3. Measuring Europeanization: The Method
Even within the narrowly defined top-down category of Europeanization, measuring implementation and compliance remains difficult. Carrying out larger empirical studies similar to those outlined in the previous two sections carries with it a number of methodological problems. This section sets out five of them.
First, is the study of Europeanization to be limited to the national reception of mandatory EU law, or is it to also include voluntary adoption of EU rules outside of what is strictly required? This issue might be of particular importance when looking at the Europeanization of institutions, procedures, or methods and know-how, which are (p. 646) unlikely to be imposed by a decree, but rather gradually taken on following a non-mandatory inspiration and exchange between the levels.
Second, is Europeanization supposed to be the result of an advised choice of the recipient, or may it include also accidental, not pre-meditated, inspiration and copying? Seemingly similar results might come about not as the outcome of an intentional choice, but rather as the result of mimetic process,54 brought about naturally by similar external pressures and environment, or even pure accidents.
Both of these problems arise, even within the narrow, top-down Europeanization category. Their taking into account is capable of eliminating false positives, i.e., instances of ‘Europeanization’ when there is in fact none or it is just very tenuous and distant. To provide one example: assume that a regional administrative court in a Member State X starts one day structuring its decisions in numbered paragraphs. On the face of it, the observer could assume that the administrative court just copied the style of the Court of Justice of the EU that has been structuring its decisions in this way since late 1970s, or the style of the ECtHR in fact, which structures its decisions in a similar way. On this basis, the observer might suggest that the judicial style in the Member State X has become more ‘Europeanized’.
However, a putative instance of voluntary and intentional Europeanization of similar sort might be quickly proven wrong once it becomes apparent that the change at the regional administrative court was in fact imposed by the national supreme administrative court via a new practice statement, applicable to all administrative courts in the country, and that the judges at the regional administrative court hardly ever read any EU law or the case law of the ECtHR. Moreover, when the supreme administrative court was drafting the relevant practice statement, it did so because the entire system of publications of decisions in administrative justice was being put online into a central electronic database. In order for a decision to be uploaded into the database, each decision must have the same format with pre-defined fields. Cross-references are possible only with paragraph numbers. Thus, what appeared to be an instance of ‘Europeanization’ at first sight, is in fact an independent choice of the national court in question brought about by similar functional needs, namely the establishment of electronic court reports, not an advised choice to copy from the European level.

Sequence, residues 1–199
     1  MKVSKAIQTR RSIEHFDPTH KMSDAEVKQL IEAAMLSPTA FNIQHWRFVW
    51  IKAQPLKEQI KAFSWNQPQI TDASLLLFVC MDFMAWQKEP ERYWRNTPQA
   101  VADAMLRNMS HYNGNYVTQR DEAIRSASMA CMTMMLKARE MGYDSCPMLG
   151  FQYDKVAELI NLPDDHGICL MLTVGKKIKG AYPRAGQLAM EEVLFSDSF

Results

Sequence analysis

Third, connected to the previous example is the establishment of causality in Europeanization research.55 Again, seeming similarity in outcomes without deeper analysis of causes might be quickly mistaken for influence, particularly in the multi-actor and multi-level nature of the European exchanges. The third example made in the introduction to this chapter can be used as an example here: the judicial council model was indeed promoted by the EU as part of the pre-accession conditionality and (p. 647) ‘Europeanization package’ for the Central and Eastern European candidate countries. However, the model itself was initially elaborated and promoted by the Council of Europe’s institutions. Equally, there was also some horizontal inspiration going on, with the countries contemplating the adoption of such a model getting inspired from comparative studies and influence coming from Italy or France.56 Establishing causality in such a bundle of influences might therefore be extremely difficult in practice, further enhanced by the fact that the national rhetoric accompanying such changes may often limit itself to the universal argument ‘Brussels wills it’, even if Brussels wishes nothing of the (exact) sort.
Fourth, what does it mean precisely that a Member State has transposed or implemented an impulse from the European level? The cases used in the introduction to this chapter provide again ample examples in this regard. What if Member State A introduces a judicial council following the European recommendation and best practices, but considerably adapts the original model while doing so? What if it provides only for a weak judicial council, i.e., a sort of a council ‘light’, perhaps even one in which the judges are in the minority?57 Similarly, what if Member State B starts advertising all vacancies arising at the European Courts, but because it wishes to send only top judges to Luxembourg or Strasbourg, it allows only for applications coming from within the national supreme jurisdictions, and not for open calls?
Can both of these cases still be labelled as ‘implementing’, even if the institutional structure on the recipient side is altered considerably, so that there might eventually be just a label left? In similar cases, implementation is always a matter of degree and to some extent subjective judgment, hardly a binary exercise in deciding just implemented/non-implemented. However, if establishing the scale in the degree of implementation is allowed, where is the boundary? How much or how little is (not) enough?